The importance of public higher education hits close to home for Bloomsburg University President David L. Soltz and his wife, Robbie. That’s why their commitment to It’s Personal: The Campaign for Bloomsburg University is especially personal to them.
Strong advocates for high-quality, affordable education, the couple established the David and Roberta Soltz Scholarship, an endowment funded with a $100,000 blended gift. The scholarship is designated to help meet the financial need of high-achieving students enrolled in the sciences, so they may graduate on time.
After obtaining their undergraduate and doctoral degrees in biology, both pursued successful, rewarding careers. “We are both products of public higher education,” David Soltz says, “and we believe in its value and mission.”
The tradition of public higher education extends back even further for the BU president, whose mother and father graduated in 1943 from Ball State University, Muncie, Ind., known then as Ball State Teachers College. “I saw my parents achieve success after attending a public university, and I always believed I’d have the opportunity do the same,” he says.
In the late 1960s, when Soltz was an undergraduate at the University of California, Berkeley, the state was contributing more than 75 percent of tuition costs to help students receive a high-quality education without incurring a high level of debt. However, he has seen firsthand how that funding model has changed and the effect it has on students.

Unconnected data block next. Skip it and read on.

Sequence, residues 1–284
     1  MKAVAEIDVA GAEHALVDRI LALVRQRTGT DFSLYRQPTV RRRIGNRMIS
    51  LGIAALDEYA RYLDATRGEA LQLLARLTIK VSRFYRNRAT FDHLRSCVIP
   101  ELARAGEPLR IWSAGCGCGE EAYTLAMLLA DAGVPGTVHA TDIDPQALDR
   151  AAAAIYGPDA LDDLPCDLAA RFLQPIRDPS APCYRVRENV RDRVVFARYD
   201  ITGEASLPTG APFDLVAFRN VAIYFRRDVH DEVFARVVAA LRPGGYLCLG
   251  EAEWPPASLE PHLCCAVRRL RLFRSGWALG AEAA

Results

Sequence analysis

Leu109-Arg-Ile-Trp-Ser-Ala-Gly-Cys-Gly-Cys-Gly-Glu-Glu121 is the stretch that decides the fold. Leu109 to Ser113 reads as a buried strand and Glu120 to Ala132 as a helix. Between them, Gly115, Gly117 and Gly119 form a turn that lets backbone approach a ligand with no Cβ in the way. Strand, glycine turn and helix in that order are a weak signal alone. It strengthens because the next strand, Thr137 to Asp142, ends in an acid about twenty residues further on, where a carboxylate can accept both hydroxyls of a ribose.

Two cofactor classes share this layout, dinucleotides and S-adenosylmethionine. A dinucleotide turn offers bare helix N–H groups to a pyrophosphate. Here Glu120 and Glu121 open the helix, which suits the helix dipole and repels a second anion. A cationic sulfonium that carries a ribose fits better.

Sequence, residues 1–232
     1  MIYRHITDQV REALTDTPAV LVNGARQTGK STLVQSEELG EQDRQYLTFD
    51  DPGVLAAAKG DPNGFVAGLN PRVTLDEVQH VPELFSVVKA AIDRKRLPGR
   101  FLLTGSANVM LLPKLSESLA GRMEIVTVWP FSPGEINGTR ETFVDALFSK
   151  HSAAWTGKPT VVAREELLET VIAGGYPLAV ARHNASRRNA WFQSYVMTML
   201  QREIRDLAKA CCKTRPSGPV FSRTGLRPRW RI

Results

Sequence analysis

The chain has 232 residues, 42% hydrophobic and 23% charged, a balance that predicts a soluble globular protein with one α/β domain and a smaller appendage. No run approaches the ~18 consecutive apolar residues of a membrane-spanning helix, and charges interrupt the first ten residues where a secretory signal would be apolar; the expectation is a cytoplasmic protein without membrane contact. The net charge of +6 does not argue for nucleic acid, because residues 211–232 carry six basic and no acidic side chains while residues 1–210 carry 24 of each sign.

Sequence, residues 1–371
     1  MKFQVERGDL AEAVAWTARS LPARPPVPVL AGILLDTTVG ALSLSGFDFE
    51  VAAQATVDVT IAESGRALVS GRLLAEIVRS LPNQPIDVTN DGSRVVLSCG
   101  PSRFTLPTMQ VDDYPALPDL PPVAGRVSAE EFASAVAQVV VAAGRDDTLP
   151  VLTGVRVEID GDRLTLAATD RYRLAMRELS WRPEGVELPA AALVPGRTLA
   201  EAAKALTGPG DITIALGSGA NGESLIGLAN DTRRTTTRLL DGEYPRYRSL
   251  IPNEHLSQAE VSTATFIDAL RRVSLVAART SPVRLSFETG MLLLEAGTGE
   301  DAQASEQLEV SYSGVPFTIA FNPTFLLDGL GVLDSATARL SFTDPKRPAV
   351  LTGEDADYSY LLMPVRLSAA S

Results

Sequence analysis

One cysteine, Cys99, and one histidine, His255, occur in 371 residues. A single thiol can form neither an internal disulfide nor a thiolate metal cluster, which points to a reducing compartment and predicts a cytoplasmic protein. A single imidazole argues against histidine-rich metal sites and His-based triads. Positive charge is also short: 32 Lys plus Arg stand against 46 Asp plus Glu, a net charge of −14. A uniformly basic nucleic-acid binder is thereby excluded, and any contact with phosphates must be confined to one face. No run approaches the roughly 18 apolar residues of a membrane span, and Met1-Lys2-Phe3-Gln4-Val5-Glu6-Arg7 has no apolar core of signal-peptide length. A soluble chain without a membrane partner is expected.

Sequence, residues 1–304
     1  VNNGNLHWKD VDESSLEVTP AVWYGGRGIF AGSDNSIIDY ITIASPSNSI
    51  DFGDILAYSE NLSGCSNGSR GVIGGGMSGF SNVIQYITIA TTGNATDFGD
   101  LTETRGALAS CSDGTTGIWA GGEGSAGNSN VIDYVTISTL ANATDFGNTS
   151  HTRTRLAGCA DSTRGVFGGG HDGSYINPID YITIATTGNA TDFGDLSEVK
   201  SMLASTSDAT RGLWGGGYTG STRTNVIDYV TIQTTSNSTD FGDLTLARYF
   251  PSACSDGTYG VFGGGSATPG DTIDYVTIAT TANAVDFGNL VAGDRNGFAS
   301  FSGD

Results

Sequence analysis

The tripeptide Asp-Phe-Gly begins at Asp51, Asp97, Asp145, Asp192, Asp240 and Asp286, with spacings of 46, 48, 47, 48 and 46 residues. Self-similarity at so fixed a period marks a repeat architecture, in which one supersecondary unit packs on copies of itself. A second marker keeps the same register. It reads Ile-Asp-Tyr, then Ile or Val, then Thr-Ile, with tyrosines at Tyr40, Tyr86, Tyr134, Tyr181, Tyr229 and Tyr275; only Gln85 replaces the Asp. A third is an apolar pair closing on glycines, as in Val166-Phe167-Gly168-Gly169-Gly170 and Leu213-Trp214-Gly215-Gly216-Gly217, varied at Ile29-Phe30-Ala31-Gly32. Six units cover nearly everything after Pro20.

As a professor at California State University, a public higher education system that predominantly serves low-income students, Soltz worked with many bright students who were committed to graduating from college, but were forced to put their dreams on hold because of their inability to pay their tuition. What troubled him most was the knowledge that these students had the work ethic and the dedication to be successful.
“Unfortunately, I saw far too many students who were nearly finished with their degrees, but were forced to drop out because they simply could not afford to pay,” he says. “State institutions do their best to keep costs low and quality high, but sometimes it’s just not enough.”
Focus on Scholarships
One of the It’s Personal campaign’s major priorities is to fund scholarships, ensuring that Bloomsburg University can continue to enroll students based on their ability, not their ability to pay. That’s why they designated their gift to help upper division students who are maintaining a grade-point average of 3.5 or higher while truly facing financial need.
Kira England, a recent recipient of the David and Roberta Soltz Scholarship, graduated in December 2015 and is attending prerequisite courses at BU to prepare for graduate school. England lives in Bloomsburg with her husband and their 2-year-old daughter and was working, with her husband’s support, to pay for her education without taking loans.
“When you learn you were selected for a scholarship that was established by the president of the university and his wife, it’s very affirming,” England says. “It felt like all my hard work had paid off.”
The scholarship also significantly helps the young family. “With the cost of raising a small child and paying for my education, this was a very big relief for us,” adds England. “It also helped me to make the decision to pursue my graduate studies immediately.”
“As the president of this university, it was important to me to lead by example,” Soltz says. “Public higher education is important to all of us at Bloomsburg University. We have the opportunity to give back and help students who remind many of us of our younger selves.”•
Tom Schaeffer is communications coordinator for the Bloomsburg University Foundation.
Learn more about the It’s Personal campaign at itspersonal.bloomu.edu.